Having a plan in place for such an occurrence is an important step in the decision to turn pro.
Of course, thats not to say itll be easy.
A recreational player starts running well and winning consistently and comes to the conclusion that playing poker for a living makes a lot of sense.This holds true in poker as well.Suffice to say that if you really believe this is the life for you, have proved through record keeping and bankroll accumulation that you have what it takes, have satisfied yourself regarding the many other personal elements unique to your own situation, then go for.Last and maybe most important have a backup plan.I mean, really how difficult can it be?If you need to play 20-40, which would yield (at 40 hours per week) 1,600, then you would require a bankroll of 12,000.If your bankroll takes a hit during a losing streak, you must own up to the fact that you need to rebuild.Doing something you love, this is the main reason anyone whos ever played poker professionally does.Being self-employed has many great aspects, and one of them is having a flexible schedule.
Often youll find that when you return youre back to your usual self and enjoy poker more than ever.
We've all heard the stories of poker players that make a killing in a cash game, only to lose it all at the roulette table.
Conclusion We hope that youve got to the end of this article feeling enlightened about the perks and perils of professional poker.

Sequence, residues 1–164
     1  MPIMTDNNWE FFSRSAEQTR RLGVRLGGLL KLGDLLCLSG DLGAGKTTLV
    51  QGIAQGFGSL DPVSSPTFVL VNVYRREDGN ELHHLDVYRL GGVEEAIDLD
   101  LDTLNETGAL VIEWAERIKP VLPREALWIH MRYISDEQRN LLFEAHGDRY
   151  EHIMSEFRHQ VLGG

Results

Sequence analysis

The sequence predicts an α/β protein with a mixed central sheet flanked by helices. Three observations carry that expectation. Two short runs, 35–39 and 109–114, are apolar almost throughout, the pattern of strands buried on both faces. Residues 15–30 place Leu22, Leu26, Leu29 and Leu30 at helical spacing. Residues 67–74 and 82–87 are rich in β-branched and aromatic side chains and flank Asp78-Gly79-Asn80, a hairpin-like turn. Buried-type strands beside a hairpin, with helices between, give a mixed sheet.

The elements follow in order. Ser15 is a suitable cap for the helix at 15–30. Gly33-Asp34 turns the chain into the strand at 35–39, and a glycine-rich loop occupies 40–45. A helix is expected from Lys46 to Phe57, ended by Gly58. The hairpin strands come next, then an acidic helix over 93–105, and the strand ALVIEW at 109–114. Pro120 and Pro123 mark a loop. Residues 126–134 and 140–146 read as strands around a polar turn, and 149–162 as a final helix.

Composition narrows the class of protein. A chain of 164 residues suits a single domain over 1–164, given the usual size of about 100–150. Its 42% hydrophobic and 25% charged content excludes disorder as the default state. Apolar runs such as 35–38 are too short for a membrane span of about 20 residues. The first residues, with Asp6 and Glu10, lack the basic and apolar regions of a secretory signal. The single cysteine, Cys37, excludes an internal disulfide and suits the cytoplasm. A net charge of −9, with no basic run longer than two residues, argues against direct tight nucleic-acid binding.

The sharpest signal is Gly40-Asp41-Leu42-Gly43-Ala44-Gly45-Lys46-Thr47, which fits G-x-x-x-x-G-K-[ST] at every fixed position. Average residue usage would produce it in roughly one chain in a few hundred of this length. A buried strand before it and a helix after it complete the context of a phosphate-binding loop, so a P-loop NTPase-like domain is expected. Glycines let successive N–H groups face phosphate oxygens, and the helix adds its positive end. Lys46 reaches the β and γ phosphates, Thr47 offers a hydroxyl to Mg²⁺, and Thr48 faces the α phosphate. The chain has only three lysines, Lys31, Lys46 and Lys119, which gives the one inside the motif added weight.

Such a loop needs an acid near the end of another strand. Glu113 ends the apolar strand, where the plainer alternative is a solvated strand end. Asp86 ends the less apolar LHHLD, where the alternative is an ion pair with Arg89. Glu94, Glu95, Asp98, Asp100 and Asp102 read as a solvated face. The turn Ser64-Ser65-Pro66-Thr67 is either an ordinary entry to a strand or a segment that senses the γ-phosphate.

The reader must also understand that this represents a very simplistic rule of thumb and there are many other variables that are beyond the scope of this article.Having an associate or coach who you can trust to honestly evaluate your play and help you with leaks and new evolving strategies so you can continue to beat the games is also essential.One thing you must accept is even if you are a long term winning player, you must continue to work on your game away from the table which means reading the current literature, interacting in poker forums and honestly evaluating your play after each and.Is it possible that you have the work ethic, the modest monthly nut, the skill set, the emotional stability, the drive, the will, the bankroll, etc.Maybe I should say the lack of a social life.Of course, the other person in the relationship doesn't have to be a professional poker player, but having a significant other that respects poker as a viable profession will help a pro to be more successful in the long run.Perhaps the person has experienced a series of bad beats and is in the midst of the worst keno na pieniadze downswing of their career, or there are just many fun things the player would rather be doing.Ideally, proper bankroll management would have ensured that the player was extremely unlikely to go broke.